15.9.11

The Exorcist

Roger Egbert gets rather distressed at the end of his review, worrying about the numbness of contemporary audiences who need extreme horror to feel anything at all... Bless. Revulsion at video nasties seems to have been quite widespread.

Sensory overload is definitely part of it, but dynamics is even more important. This film is looong, the characters and situation built comprehensively before the action starts. Indeed, the tensest part of the film might be before the theatrics even begin. The mother-daughter relationship is so sweet that you start dreading the eventual manifestation of demonic influence -- a development that unfolds with excruciating slowness.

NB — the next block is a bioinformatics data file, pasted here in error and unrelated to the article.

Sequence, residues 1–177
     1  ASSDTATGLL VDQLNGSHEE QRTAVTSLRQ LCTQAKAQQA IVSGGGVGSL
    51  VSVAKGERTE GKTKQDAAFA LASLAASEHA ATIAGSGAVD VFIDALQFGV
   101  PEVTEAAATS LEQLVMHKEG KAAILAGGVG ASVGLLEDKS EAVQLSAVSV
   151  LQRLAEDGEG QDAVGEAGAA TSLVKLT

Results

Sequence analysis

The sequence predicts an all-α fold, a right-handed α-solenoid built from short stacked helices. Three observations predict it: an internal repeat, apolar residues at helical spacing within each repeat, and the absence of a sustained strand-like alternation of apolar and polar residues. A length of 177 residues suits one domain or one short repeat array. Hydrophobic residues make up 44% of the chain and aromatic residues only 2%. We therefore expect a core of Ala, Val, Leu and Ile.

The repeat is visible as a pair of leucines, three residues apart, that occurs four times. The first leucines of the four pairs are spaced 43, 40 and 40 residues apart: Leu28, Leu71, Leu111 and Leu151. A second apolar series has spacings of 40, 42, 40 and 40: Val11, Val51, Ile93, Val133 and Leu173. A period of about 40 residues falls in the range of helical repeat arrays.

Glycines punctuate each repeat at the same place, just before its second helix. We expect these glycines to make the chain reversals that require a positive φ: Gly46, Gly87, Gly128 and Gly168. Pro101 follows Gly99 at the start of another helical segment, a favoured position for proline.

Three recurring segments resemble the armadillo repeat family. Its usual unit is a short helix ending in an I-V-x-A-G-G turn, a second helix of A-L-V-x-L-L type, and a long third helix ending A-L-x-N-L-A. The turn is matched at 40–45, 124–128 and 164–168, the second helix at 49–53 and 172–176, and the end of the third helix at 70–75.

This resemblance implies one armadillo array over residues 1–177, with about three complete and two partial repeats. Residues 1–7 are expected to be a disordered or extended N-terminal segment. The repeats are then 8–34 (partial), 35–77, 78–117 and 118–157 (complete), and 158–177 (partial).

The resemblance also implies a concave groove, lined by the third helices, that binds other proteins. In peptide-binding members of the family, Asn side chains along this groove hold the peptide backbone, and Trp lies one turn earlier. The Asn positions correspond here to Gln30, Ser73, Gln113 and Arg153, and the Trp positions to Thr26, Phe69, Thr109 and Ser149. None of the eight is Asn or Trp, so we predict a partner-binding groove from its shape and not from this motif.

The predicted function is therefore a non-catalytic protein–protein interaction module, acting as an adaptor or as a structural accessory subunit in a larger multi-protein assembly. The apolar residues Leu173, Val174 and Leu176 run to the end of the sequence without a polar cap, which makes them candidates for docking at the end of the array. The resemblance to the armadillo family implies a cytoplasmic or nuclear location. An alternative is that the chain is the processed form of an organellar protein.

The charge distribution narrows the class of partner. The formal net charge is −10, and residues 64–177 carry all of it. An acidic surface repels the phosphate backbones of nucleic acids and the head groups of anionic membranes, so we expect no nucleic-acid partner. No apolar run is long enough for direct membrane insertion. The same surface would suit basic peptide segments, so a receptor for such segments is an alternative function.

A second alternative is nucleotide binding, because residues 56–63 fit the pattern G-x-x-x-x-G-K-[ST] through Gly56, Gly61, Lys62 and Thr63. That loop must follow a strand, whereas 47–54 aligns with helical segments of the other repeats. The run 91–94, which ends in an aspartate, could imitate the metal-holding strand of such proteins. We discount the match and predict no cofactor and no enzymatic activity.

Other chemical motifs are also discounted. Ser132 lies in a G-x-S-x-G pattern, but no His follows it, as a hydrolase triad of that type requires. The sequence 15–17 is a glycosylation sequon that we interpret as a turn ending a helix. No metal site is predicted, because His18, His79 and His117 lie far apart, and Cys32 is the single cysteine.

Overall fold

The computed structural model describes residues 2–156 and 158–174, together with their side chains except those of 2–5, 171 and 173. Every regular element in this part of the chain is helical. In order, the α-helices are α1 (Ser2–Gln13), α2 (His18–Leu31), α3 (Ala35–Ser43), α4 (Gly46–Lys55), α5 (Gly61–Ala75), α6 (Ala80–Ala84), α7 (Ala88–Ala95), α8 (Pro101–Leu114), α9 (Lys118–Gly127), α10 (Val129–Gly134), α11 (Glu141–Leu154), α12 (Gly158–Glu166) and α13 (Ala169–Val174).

But what makes the film last isn't so much the scare-tactics as the characters and themes of bereavement, mental illness, loss-of-faith and loss-of-innocence, which all resonate quite powerfully (Ellen Burnstyn, Jason Miller and Linda Blair are magnificent). There is also the beginning's gnomic visual allusions to relativism and nihilism -- Father Merrin is a mysterious character throughout, but he seems to be battling with demons that have existed for the entire span of human history. The devil is trying to convince us we are animals, and in that desert in Nineveh Merrin faces a pagan statue looking down on two fighting wolves. It's dog-eat-dog out there, except when it isn't. Karras chooses to sacrifice himself in order to save Regan. When you throw the mumbo-jumbo away, The Exorcist asks only that we don't despair, and that in the face of evil we have the courage to do the upmost to save each other. That's where its true power lies.

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